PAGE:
Ever since their pioneering days, iglo, Findus and Birds Eye have been known for fish and vegetables. Now, as Europe’s leading manufacturer of frozen fish and vegetables, we in Nomad Foods Europe believe this confers upon us an important opportunity to help to improve intakes of these foods across Europe.
We are very proud to provide high quality, positive nutrition from the fish and vegetables core of our product portfolio.
Governments and health bodies across Europe recommend the consumption of vegetables and fish as part of a healthy balanced diet, and the World Health Organisation promotes consuming 400g (5-a-day) fruit and vegetables daily and eating fish regularly (once or twice a week). Yet, consumption of both vegetables and fish is generally lower than recommended. Through our delicious and convenient products we are actively helping our consumers to eat a balanced diet.
Case study: Promoting fish consumption for health
The World Health Organisation promotes consuming fish regularly (once or twice a week), and regular fish consumption is also recommended in individual countries across Europe.
Fish is a great source of protein, and provides a number of other essential nutrients for a balanced diet. Of note, fish is a good source of iodine and selenium, both of which have numerous roles in the body.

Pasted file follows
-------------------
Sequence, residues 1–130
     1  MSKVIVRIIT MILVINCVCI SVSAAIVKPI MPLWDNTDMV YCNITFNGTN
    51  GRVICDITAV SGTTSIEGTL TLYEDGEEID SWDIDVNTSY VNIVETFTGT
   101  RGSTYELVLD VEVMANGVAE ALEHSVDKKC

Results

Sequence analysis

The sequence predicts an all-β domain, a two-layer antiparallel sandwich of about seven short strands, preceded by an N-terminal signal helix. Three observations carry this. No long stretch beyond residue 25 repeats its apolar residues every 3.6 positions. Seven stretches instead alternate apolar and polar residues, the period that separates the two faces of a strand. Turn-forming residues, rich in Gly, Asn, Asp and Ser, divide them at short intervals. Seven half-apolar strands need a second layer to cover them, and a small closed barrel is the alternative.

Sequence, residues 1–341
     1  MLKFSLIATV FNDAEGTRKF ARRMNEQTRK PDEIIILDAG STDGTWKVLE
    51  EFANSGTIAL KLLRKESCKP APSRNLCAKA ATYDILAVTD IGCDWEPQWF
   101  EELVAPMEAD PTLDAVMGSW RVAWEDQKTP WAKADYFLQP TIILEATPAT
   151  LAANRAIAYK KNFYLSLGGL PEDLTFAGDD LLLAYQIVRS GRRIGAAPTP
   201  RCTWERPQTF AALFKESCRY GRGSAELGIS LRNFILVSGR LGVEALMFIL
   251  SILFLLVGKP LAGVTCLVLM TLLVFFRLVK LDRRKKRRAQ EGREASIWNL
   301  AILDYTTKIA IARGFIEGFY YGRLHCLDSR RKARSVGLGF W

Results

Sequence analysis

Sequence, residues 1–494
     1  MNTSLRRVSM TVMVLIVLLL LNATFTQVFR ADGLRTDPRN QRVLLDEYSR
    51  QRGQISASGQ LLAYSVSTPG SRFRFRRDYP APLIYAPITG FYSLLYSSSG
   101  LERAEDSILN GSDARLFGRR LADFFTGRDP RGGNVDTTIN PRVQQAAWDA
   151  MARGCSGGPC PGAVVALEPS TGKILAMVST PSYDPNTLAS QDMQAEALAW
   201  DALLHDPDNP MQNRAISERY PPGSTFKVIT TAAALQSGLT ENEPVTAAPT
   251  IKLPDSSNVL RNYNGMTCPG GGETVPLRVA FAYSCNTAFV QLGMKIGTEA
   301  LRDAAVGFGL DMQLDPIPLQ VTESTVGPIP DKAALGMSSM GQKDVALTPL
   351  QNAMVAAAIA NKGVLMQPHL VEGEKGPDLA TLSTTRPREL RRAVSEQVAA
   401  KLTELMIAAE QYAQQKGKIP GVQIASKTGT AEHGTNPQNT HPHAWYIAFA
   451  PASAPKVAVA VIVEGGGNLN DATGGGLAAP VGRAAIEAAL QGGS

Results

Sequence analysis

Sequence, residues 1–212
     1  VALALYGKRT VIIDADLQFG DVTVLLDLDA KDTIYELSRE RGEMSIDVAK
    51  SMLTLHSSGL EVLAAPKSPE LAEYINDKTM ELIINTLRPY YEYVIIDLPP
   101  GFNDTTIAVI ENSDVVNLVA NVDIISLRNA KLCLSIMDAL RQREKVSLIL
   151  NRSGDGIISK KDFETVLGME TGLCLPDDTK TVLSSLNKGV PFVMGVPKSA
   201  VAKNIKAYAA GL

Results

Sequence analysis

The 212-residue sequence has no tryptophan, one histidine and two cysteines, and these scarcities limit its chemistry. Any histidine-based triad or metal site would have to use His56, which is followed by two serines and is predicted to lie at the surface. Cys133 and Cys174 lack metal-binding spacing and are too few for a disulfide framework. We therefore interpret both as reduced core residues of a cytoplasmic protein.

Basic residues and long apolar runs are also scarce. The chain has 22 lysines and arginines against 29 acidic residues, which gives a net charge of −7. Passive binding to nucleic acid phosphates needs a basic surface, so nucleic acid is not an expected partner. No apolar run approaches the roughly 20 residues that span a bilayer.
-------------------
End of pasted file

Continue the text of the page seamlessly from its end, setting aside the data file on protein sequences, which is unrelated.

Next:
Iodine contributes to normal cognitive brain function, as well as normal nervous system and thyroid function, and it contributes to the normal growth of children. It’s therefore important to introduce fish into children’s diets from an early age.
Selenium, meanwhile, contributes to the maintenance of normal hair, nails and immunity. Our fish fingers provide both iodine and selenium, and are a great entry point to get children enjoying eating fish, in addition to being a favourite of the entire family.
When crafting our fish products we need to make sure we balance the nutrition attributes of the food with its consumer appeal, and our Nutrient Profiling Tool allows us to optimise our product design. This tool is embedded in our product development system, enabling us to check the nutrient profile of products in development, and providing a means for nutrition governance in our innovation.
Case study: Promoting vegetable consumption for health
The World Health Organisation recommends eating at least 5 portions of fruits and vegetables per day, due to their low energy density yet high nutrient density.
Vegetables are an especially rich source of nutrition, as provide a range of vitamins and minerals with generally less sugar than is found in fruit.
For example, our peas are a source of vitamin C, vitamin B1 and folate, and are a good vegetarian protein source.
The blanching and freezing process our vegetables undergo helps to retain their excellent nutrient profile. For example, peas retain 60-70% of their vitamin C during these processes, and during 12 months of frozen storage lose less than 10% extra. This means that frozen peas retain more vitamin C than fresh peas in their pods after 3 days in ambient and 2 weeks in chilled storage*.
* DJ Favell (1998): A comparison of the vitamin C content of fresh and frozen vegetables. Food Chemistry, 62, 59-64.
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